Assassin's Heart(6)

By: Sarah Ahiers

He groaned and faced me again.

I handed him a push dagger, a small knife that fit between the knuckles. “I think this is yours.”

He stared at the dagger, and then his eyes drifted up to mine. “When the hells did you lift that from me?”

I shrugged. “When you were helping me to the ground.”

“After you’d almost died from being poisoned?”


He blinked a few more times, a sure sign he was organizing his thoughts. Val and I had an ongoing competition of lifting objects from each other, unnoticed. He was much better at it than me, so when opportunities came to catch him off guard, I took them, even if it was a little unfair using my poisoning to my advantage.

Val shook his head and laughed. “All right. You’re one up on me.”

I snatched his hand and pulled him against me, his body strong and solid. I tapped his mask where his lips would be. “Never underestimate me.”

He grabbed my shoulders and pulled me against him even tighter. We were so close I could almost feel his heart beating through his leathers as they creaked, could almost smell his skin. His warmth leaked into me, and I clutched his arms to remain steady.

“I never do.” He released me and sprinted away.

The race was on.

I climbed to the roof of the bordello. If Val beat me to Fabricio’s, he’d lord it over me the whole dinner.

I raced over the rooftops of the city of Ravenna, gaining speed, sliding across tiles. If anyone saw my movement, they would attribute it to their imagination, or perhaps the wine in their skins. Or, if they were smart, they would attribute it a member of the nine Families, and they would turn away. It was said that to lay eyes upon a clipper while they were about their bloody business invited death. We didn’t go out of our way to disprove the story. Fear made our jobs easier.

I reached a single-story building, dark behind its locked door. An art dealer, and the shop did indeed sell portraits, beautiful oil paintings with thin brushstrokes.

A hidden latch on the roof of the shop opened a secret door. I dropped inside.

There were many such shops within the Ravenna city limits, all hidden storage points for the Saldana Family. There were safe houses for the Da Vias too, though I’d never seen one.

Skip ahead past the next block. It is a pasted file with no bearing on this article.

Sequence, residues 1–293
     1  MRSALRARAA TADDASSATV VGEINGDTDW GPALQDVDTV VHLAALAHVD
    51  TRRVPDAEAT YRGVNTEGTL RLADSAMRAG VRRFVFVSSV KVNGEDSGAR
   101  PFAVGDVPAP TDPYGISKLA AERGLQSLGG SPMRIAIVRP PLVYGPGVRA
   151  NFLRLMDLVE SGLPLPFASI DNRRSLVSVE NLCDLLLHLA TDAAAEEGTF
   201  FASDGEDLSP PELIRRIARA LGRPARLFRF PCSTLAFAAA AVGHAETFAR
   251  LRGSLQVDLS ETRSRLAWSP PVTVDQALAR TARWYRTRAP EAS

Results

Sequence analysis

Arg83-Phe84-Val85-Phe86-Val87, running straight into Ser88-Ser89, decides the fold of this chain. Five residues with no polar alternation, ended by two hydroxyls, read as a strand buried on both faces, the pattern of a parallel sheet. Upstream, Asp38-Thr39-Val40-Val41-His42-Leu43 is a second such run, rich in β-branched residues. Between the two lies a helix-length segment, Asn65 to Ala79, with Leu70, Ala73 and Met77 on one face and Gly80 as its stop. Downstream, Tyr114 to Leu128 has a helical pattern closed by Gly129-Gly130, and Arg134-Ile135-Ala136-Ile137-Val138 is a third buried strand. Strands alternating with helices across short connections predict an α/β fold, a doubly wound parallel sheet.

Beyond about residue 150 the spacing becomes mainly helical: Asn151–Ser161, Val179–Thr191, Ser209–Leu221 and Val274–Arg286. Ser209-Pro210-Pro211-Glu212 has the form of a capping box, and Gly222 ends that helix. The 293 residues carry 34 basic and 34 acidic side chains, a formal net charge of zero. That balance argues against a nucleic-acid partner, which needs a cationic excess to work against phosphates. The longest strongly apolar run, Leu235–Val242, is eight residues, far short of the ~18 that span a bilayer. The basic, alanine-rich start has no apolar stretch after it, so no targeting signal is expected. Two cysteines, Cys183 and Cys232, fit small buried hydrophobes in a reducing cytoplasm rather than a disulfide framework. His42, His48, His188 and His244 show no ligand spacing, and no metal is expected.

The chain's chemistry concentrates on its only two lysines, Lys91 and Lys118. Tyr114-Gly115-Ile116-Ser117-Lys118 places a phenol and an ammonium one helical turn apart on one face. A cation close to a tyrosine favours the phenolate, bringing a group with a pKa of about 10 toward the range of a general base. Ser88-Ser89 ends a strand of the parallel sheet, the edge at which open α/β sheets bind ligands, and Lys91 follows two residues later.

They were a closely guarded secret.

Most were simple places where one could change from leathers into something more appropriate, say, for meeting one’s secret suitor for dinner. A few contained hidden entrances into a Family’s home, the place where we lived, where we dined together and slept and were tutored as children. Our literal home. If a Family found another’s Family home, there would be trouble.

Generations ago there had been twelve Families. Two of the three lost Families had been destroyed when another Family discovered their home. The current king, as a disciple of Safraella, had no authority over the Families and their relationships with one another. When he’d become king, he’d sworn an oath to remain unbiased in matters of the nine Families. If a Family wanted to war with another, the king could not intervene unless their feuding endangered people outside of the nine Families, the common.

All the Families were adversaries, of course, but some more than others. And sometimes it seemed the Da Vias and Saldanas were feuding the hardest, though maybe that was because we shared a territory.

I tossed my dirty leathers into a cupboard reserved for my things. My brothers Rafeo and Matteo also had cupboards in this shop, along with our cousin Jesep. We were the only active Saldana clippers, though my mother and father would take a job if needed.

Since the plague, Mother often reminded me of my duty as a Saldana woman, to swell our ranks with as many children as possible.

I slid into a red velvet gown with a low bodice fastened along the ribs instead of the back for the type of self-dressing I often had to accomplish. My dirty-blond hair fit snugly into a silk snood, netting it away from my face, and a pair of flat lambskin ankle boots finished my attire. Nothing too fancy, since it was only dinner with Val. And because the Saldanas couldn’t afford better at this time.

I slipped a dagger into my boot and secured a knife to my thigh. A clipper never went unarmed, even for dinner. I hung my mask and weapons carefully in my cupboard, then patted my chest, feeling the comforting weight of the key to enter our home around my neck. I never took it off.

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